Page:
If you live in a college town, you can be forgiven for coming to the conclusion that everyone in said town is gifted. Nay - a genius!
My favorite part of my town might be the gifted preschools that accept gifted toddlers at the grand age of 2.5 - I'm not even sure how to figure out if my 2 year old is gifted. I'm too busy changing her diapers and trying to dissuade her from smearing jam sandwiches over the furniture. On second thoughts, these activities may be cues that she won't be composing symphonies by Kindergarten or solving our energy crisis before middle school. (or did Paris Hilton take care of that already?)
But many of us are pretty insistent that our kids are gifted. We have gifted programs everywhere - gifted preschool, advanced Kindergarten, early admittance programs...it's a wonder we even use the word 'average' anymore. Unless we're talking about other people's children, of course.
My kids are smart, they really are. I have an average 4 year old who reads and writes and is bilingual. But that's only because his Dad speaks his native tongue at home. And the reading/writing part is because he loves to do it, not because we teach it or make him practice. My younger kids are smart too, in an average kind of way.
None of my kids say anything really poignant and they haven't guided me along any kind of intellectual path that has made me run to test their IQ. At least not yet. If one of them turns out to be the next Steven Hawking, I'll post it here first!
It turns out that only about 3% of the population is actually gifted. Bummer, eh? And there may only be several hundred genuine prodigious children in America.
So why all the gifted programs? Are these gifted programs really accepting the whiz kids or are they actually filled with smart-yet-average children? Have we unintentionally dumbed our kids down so much that one mere sentence of grammatical perfection from a 4 year old has us running off to have them tested for academic advancement?
Or are our parental egos determined to have at least one little genius under our roofs? They are, after all, our spawn. Admit it - that's a nice reflection on us too.
It's ok if I have average kids. I mean, I stand by the notion that they are smart. They are! I swear! But I'm not sure any of my little Einsteins are actually...Einsteins. Yet in my college town, many of their peers will be tested for advanced placements and popped into gifted classes by the time they reach first grade.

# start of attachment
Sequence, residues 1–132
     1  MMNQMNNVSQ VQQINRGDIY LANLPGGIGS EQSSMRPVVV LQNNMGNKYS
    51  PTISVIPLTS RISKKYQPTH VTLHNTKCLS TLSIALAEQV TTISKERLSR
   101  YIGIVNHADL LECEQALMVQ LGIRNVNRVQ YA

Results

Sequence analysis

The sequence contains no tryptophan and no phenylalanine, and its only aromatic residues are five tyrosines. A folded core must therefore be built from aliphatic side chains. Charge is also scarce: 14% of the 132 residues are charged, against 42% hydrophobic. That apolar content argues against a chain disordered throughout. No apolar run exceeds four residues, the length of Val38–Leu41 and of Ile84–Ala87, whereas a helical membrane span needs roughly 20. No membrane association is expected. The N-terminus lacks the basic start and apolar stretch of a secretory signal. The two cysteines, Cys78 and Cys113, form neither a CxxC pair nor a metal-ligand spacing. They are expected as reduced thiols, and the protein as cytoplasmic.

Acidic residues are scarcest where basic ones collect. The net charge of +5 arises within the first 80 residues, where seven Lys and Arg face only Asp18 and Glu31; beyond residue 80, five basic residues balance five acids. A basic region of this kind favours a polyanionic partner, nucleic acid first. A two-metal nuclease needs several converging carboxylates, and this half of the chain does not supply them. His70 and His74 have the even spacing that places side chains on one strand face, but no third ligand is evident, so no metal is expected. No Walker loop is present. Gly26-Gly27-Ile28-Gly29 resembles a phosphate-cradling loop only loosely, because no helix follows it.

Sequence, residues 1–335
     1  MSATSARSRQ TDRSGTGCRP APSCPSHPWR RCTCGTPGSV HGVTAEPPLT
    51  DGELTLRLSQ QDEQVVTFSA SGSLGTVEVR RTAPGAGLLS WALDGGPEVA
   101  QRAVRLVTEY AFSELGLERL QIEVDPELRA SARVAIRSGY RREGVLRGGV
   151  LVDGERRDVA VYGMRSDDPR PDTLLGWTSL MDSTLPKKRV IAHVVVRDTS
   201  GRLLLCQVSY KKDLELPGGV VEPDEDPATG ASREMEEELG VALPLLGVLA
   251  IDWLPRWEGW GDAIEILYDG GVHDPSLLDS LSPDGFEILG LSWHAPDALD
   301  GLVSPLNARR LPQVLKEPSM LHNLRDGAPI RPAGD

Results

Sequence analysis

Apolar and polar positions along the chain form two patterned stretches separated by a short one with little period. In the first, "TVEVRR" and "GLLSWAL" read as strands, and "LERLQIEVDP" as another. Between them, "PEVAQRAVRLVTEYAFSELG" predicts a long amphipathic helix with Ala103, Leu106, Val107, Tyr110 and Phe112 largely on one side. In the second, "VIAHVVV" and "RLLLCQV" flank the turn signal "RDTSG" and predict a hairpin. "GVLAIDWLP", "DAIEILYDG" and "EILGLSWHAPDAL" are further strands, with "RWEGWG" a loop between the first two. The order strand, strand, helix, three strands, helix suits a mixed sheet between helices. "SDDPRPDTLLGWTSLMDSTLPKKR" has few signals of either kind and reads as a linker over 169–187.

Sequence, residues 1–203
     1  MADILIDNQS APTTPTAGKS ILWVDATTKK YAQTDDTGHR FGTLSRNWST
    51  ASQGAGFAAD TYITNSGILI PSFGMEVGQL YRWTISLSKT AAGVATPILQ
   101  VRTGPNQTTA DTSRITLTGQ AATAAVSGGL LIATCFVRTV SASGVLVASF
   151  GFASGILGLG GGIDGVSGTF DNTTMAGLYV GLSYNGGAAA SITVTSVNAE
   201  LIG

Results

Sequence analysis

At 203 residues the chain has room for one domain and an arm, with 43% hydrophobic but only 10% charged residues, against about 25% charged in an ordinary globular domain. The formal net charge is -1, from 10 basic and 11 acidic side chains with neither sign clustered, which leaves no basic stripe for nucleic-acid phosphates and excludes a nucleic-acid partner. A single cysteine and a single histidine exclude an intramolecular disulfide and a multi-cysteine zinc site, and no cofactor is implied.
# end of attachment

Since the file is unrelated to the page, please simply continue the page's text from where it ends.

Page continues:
I have fairly high standards for my little kids. They include being mannerly, sharing, not talking back and working on the old potty-training. The latter is tough.
And I no doubt will have high standards for them in school too. Why not? They have the capability, the encouragement, and I hope - the drive and ambition.
And for the 3% out there, these gifted programs are a good idea for the most part. For everyone else, we may be espousing the notion that good simply isn't good enough. Or worse - the notion that good means gifted. Rather than thinking that idea lifts kids up, I think it runs the danger of dumbing them down. We should have high expectations for our children that don't always mean they get lauded with titles of 'gifted' and 'advanced'. Children need encouragement, not pressure.
But if they don't qualify as little geniuses, that's ok too. Not everyone was meant to be a rocket scientist. I may be raising the next butcher, baker and candlestick maker. If we were all running the world, who would fix our leaky faucets and pave our driveways? Make out lives safe and comfortable? We need average. Average isn't a dirty word. Genius may have invented the wheel but average is what turns it every day.
For more on the gifted theory, click here: http://www.cnn.com/2008/HEALTH/family/08/27/gifted.kids/index.html
Were you in gifted programs? Are your kids? What are your thoughts about the notion of 'gifted and advanced' children in general?
All user-generated information on this site is the opinion of its author only and is not a substitute for medical advice or treatment for any medical conditions. Members and guests are responsible for their own posts and the potential consequences of those posts detailed in our Terms of Service.